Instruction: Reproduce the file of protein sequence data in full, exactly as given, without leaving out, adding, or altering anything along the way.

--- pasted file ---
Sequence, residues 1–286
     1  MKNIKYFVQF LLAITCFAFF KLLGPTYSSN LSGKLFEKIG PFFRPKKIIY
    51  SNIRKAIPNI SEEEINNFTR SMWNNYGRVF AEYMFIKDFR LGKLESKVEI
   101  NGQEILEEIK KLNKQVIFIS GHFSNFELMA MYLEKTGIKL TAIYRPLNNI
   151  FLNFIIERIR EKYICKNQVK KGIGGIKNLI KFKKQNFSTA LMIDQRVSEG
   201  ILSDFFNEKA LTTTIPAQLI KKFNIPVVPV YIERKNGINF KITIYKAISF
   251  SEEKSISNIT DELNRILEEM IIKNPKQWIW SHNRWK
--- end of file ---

Sequence, residues 1–286
     1  MKNIKYFVQF LLAITCFAFF KLLGPTYSSN LSGKLFEKIG PFFRPKKIIY
    51  SNIRKAIPNI SEEEINNFTR SMWNNYGRVF AEYMFIKDFR LGKLESKVEI
   101  NGQEILEEIK KLNKQVIFIS GHFSNFELMA MYLEKTGIKL TAIYRPLNNI
   151  FLNFIIERIR EKYICKNQVK KGIGGIKNLI KFKKQNFSTA LMIDQRVSEG
   201  ILSDFFNEKA LTTTIPAQLI KKFNIPVVPV YIERKNGINF KITIYKAISF
   251  SEEKSISNIT DELNRILEEM IIKNPKQWIW SHNRWK